A day for young musicians


Photo by Jenny Sabliov

Jenny Sabliov, Staff writer

On Sept. 29, the D’Angelo Department of Music will host its annual Piano and Strings Day.
This event brings students in grades six through 12 onto campus to attend seminars and private lessons and perform in a recital.
This is not an introductory camp, and the students should have some form of proficiency on their instruments.
The levels can range from intermediate to advanced.
The cost of attendance is $60.
This includes tuition, the day’s activities, a T-shirt and lunch at the Grotto Commons.
There is also room in the schedule for a tour of campus, but students are allowed to utilize that time to practice for their recital that evening instead.
In previous years, there have been about 16-18 students per session, split between piano and bowed strings.
The violin and cello are the most popular of the stringed instruments.
The day begins at 8:30 a.m. with registration.
Group lessons begin at 9 a.m.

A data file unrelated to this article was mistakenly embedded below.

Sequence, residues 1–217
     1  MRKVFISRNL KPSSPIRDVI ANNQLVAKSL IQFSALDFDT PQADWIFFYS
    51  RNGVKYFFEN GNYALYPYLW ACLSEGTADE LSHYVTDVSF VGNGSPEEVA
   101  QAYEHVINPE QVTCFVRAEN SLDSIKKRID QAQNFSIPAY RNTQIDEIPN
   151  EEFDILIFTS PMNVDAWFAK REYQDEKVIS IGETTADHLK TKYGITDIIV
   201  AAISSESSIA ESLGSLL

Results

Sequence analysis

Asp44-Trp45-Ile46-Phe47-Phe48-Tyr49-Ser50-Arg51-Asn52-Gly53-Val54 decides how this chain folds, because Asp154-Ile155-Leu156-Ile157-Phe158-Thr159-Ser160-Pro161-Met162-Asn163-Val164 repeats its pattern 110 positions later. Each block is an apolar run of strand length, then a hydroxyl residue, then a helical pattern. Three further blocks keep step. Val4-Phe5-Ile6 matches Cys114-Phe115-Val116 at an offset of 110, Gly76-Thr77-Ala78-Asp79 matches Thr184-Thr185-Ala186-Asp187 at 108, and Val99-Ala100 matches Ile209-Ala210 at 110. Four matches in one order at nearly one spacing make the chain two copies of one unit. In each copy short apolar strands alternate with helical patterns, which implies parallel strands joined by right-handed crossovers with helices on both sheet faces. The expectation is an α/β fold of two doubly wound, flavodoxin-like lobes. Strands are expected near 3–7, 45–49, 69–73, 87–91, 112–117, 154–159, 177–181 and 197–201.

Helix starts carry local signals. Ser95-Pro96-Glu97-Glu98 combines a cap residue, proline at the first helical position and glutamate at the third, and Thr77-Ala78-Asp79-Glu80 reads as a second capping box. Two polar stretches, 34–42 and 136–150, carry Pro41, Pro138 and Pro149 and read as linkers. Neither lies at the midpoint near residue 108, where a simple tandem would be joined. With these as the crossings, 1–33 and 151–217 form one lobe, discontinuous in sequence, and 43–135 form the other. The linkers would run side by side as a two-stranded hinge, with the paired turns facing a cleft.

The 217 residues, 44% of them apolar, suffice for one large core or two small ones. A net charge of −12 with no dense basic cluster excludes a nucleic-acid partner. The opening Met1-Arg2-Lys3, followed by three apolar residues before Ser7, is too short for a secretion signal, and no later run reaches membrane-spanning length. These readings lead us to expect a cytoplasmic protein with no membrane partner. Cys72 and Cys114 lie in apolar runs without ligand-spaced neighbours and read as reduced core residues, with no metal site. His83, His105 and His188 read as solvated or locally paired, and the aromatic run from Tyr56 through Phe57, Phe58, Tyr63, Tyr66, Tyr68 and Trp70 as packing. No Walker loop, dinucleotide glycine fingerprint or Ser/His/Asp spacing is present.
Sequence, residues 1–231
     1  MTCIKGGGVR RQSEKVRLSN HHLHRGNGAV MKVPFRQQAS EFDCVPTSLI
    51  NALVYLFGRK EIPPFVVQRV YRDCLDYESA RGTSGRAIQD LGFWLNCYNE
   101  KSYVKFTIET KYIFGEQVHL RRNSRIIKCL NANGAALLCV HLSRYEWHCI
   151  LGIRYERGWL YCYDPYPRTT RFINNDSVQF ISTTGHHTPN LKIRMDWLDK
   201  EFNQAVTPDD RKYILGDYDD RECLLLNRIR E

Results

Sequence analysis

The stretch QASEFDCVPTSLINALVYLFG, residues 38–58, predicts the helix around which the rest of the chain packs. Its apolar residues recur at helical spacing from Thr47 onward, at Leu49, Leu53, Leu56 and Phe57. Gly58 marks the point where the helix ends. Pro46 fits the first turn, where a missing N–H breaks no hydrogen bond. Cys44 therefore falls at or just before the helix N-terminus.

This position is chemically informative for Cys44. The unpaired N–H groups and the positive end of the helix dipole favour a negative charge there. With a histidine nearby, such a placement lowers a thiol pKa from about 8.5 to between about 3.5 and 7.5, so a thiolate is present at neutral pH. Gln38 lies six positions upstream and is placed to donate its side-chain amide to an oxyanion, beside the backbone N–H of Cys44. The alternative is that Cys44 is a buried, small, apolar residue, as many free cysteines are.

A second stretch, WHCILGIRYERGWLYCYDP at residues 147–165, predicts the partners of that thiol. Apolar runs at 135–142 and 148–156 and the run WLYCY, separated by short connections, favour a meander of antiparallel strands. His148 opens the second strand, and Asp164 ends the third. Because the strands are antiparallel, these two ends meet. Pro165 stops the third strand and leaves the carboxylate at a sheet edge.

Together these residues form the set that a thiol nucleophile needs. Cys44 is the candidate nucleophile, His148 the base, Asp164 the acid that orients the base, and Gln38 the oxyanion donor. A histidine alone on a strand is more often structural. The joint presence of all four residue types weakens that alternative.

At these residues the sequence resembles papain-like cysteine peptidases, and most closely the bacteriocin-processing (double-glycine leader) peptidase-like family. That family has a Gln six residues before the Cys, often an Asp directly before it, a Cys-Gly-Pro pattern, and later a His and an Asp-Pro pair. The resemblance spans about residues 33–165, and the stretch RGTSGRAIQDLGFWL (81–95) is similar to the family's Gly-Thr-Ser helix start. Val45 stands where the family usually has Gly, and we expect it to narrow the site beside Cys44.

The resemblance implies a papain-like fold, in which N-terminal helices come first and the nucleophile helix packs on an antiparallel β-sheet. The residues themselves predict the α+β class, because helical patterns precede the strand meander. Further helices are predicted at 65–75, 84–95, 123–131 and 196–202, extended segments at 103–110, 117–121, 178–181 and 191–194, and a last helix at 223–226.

The students are broken up into groups that either attend the lesson or attend theory class and/or an aural skills class.
“There may be four or five students in one group lesson while the other group is attending the theory class.
“The students then switch at 10:30,” said Nathan Hess, D.M.A.
After this, they break for lunch.
At 1:30 p.m., the strings will have a masterclass while the piano students will have a seminar.
At 3 p.m., they will switch.
Once this is complete, they will have dinner, which is not included in the fee.
Recitals begin with the string students around 5 p.m. and then the piano students will begin their recitals around 6:30 p.m.
The recitals will take place in Walker Recital Hall and are free and open to the public.
These will be recorded, and students have the option to purchase a DVD.
This program was the joint idea of former D’Angelo Music professor Joe Kneer, D.M.A., and Hess a few years ago.
In Fall 2015, they decided to go for it and held the first Piano and Strings Day.
They had about 18 attendees and consider it to have been successful. It is their brainchild and it is currently in its fourth year.
“It is a way to reach out to the community and local middle school and high schoolers.
“It is also a great recruiting event because we have had attendees who enrolled into our degree programs,” said Hess.
If you know someone who qualifies, they can easily register on the Music department website.
To ensure a spot register by the 26; however, they will accept applicants until the night before.